He was the most-wanted man during the rule of the Spanish Governor of Chile, Casimiro Marcó del Pont. His assaults on Melipilla and San Fernando were an important part of San Martín's strategy to divert attention away from the "Liberating Army" that entered Chile and triumphed at the Battle of Chacabuco.

After the victory at Chacabuco, the Chilean commander Bernardo O'Higgins ordered the arrest of Rodríguez who managed to escape capture and was hidden until San Martín was able to intervene on his behalf and conferred on him the rank of Lieutenant Colonel. After the surprise attack by the Spanish forces at the Second Battle of Cancha Rayada, Rodríguez was instrumental in maintaining calm in Santiago amid false rumors of the death of O'Higgins. It was during this event that he uttered his most famous quote Aún tenemos patria, ciudadanos (We still have a fatherland, citizens).

After the events at Cancha Rayada, Rodríguez and other Carrera supporters organised a regiment called the Hussars of Death (Húsares de la Muerte). The characteristic symbol of this organisation was a white skull over a black background, symbolising their will to die in battle rather than allowing the enemy to win. However, this regiment was not considered for the battle of Maipú and was latter dissolved by Bernardo O'Higgins (he and San Martín both opposed the Carrera brothers).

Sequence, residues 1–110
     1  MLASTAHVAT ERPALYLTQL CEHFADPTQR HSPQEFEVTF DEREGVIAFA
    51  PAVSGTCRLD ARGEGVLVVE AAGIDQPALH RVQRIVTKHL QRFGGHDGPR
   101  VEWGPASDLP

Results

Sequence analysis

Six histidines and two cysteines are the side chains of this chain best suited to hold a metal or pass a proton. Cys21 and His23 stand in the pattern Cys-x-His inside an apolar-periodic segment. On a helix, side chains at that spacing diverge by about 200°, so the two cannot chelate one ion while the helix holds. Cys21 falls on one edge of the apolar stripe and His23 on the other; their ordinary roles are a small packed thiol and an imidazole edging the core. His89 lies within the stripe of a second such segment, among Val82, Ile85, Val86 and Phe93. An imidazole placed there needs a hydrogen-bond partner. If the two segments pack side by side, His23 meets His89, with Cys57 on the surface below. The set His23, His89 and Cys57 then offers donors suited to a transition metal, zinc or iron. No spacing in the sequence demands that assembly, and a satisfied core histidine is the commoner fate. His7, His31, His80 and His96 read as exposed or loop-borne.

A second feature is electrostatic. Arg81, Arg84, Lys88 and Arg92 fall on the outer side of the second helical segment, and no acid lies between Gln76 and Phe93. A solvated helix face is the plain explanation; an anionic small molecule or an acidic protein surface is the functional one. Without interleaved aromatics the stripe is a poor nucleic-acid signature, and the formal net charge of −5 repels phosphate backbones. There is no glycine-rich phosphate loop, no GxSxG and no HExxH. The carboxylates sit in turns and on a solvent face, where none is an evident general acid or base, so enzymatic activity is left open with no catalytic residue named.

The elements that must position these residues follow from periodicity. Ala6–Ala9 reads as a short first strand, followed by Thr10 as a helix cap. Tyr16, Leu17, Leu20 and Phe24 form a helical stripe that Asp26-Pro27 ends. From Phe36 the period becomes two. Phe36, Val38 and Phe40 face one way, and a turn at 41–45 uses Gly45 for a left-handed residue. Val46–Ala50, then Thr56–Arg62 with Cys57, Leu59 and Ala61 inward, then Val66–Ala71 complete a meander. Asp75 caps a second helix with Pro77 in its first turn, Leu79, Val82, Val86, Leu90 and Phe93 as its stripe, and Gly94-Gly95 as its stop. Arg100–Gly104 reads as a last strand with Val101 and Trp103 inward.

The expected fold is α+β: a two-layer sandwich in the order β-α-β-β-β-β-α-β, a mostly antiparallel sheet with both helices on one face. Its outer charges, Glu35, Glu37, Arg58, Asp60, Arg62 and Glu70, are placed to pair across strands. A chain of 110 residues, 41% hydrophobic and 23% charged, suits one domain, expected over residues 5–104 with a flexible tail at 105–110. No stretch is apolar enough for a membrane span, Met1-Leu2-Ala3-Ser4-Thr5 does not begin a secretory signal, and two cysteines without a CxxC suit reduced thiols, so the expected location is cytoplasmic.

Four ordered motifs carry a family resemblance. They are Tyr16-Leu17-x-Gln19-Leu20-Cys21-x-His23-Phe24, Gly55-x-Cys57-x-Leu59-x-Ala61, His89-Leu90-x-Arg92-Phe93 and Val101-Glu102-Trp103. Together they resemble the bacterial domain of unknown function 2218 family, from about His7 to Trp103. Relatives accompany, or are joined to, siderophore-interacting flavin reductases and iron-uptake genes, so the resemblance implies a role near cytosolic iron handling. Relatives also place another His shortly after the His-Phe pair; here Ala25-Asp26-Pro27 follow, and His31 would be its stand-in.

Rodríguez was killed on 26 May 1818 in Til-Til by soldiers the "Cazadores de los Andes" battalion commanded by Antonio Navarro, after being imprisoned by order of O'Higgins. His execution was extrajudicial, and it is widely attributed to the head of the government.

Rodriguez's body was mutilated and abandoned in a trench, but a group of local peasants found it and recognized Rodríguez, burying him secretly under the La Merced's Chapel's altar in Til-Til with the help of the local priest. This was a sample of the affection the people had for Manuel Rodríguez, as well as the fear and contempt for the government of O'Higgins.

By the end of the XX century, Rodríguez's body was moved to the General Cemetery of Santiago. It is believed today, however (after some research not yet finished), that the moved remains were not really Rodríguez's, but those of an older unknown soldier wearing the Husares de la Muerte uniform (although at the time of his assassination, Rodríguez was not wearing his legendary uniform), and that Rodríguez's body might still be buried in Til-Til's La Merced's Chapel.

Lapageria roseaCentered is stylized Lapageria. Lapageria rosea is the national flower of Chile.

It is genus of flowering plants with only one species, Lapageria rosea, commonly known as Chilean bellflower or copihue. It grows in forests in the southern part of Chile, being part of the Valdivian temperate rain forests flora. The name of the fruit in Mapudungun is actually kopiw (derived from kopün, "being upside down"), which is the etymon of Spanish copihue; the Mapuche call the plant kolkopiw (colcopihue in Spanish, which may also refer to the whole plant). The flower is called kodkülla in the indigenous language.

In center of Lapageria is the sun.